As a mom or parent in general sometimes is hard to remember that you’re more than just those little people you’re legally obligated to keep alive. I used to be so skinny because I would forget to eat lunch every so often.  I would just be busy or… sleeping.  Either way, I looked amazing.  Now, I have to actually feed other people, therefore, reminding me that I’m hungry.  Then I not only eat my lunch but whatever they don’t eat too because “we can’t waste.”  I’m fucking enormous.  They ruin EVERYTHING!

While my waist-line may not be what it once was, my disgusting, disturbed mind is still as strong as ever; nurtured by years of the worst programming television had to offer.  I encourage all parents to hold on to something from your old life. Something that reflects who you once were before your children infiltrated every aspect of your life.  If that’s picturing cartoon characters doing the nasty, so be it.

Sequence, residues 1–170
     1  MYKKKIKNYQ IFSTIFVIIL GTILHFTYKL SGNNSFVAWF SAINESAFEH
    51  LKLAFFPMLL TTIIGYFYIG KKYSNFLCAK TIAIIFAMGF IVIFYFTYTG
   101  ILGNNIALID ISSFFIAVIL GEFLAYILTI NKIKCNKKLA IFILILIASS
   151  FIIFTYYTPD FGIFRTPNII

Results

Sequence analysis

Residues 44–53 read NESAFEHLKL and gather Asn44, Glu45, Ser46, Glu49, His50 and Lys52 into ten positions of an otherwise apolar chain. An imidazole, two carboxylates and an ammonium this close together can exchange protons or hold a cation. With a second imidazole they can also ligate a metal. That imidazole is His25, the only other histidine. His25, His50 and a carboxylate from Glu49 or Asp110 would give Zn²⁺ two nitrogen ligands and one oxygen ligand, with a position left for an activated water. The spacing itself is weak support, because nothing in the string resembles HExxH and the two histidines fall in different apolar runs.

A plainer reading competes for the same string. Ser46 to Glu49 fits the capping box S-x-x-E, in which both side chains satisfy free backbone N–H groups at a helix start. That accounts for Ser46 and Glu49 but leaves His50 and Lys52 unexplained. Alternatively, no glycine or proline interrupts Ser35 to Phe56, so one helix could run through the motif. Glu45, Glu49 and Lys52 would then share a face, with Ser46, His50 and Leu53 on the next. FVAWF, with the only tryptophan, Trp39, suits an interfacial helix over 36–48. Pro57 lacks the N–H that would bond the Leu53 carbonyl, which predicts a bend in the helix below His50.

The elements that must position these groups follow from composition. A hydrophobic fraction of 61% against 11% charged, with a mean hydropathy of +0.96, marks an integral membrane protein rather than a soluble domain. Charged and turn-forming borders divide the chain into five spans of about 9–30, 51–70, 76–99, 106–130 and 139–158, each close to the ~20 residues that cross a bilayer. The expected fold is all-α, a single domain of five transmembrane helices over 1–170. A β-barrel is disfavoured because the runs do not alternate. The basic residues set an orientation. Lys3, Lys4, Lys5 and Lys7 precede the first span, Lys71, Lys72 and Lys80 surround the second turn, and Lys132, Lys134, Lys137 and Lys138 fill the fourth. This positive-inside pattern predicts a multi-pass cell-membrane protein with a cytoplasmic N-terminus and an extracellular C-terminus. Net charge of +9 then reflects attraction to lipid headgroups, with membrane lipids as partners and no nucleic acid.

wink

The Mom Code: We’re All On the Same Team

Remember when you were in college or even high school and you would get all dressed up to go out on a Friday night?  Remember when you tried to convince everyone that it was to attract a dude?  Remember when that was a bold-faced lie?  Let’s be honest ladies, our whole lives we have been motivated by impressing/competing with other females.  It’s not entirely our fault.  We can thank biology/evolution for a lot of it, but at the end of the day the female-to-female relationship has always been tumultuous, to say the least.  Being a grown-up (ish) and a mom doesn’t change that.  Only now instead of trying to have better cleavage than the other girls, you’re trying to replicate everything you see on Pinterest or prove you’re a better mom by pushing yourself to your limits all the time. Girls, let’s cut the bullshit.  We’re all on the same team.  These are just a couple things to help ignite the conversation; mixed with a little humor, of course, because feelings are gross.

  1. Don’t be a bitch. I mean, you can totally be a betch.  Just don’t be a bitch.
  2. Talk about all the awful things you think or feel. I don’t know about you, but when I hear other moms say things like, “I could have beat him to within an inch of his life,” or “I’m going to drink my body weight tonight,” or “I’m thinking of running away, would you like to come with me,” I feel like I’ve found a soulmate.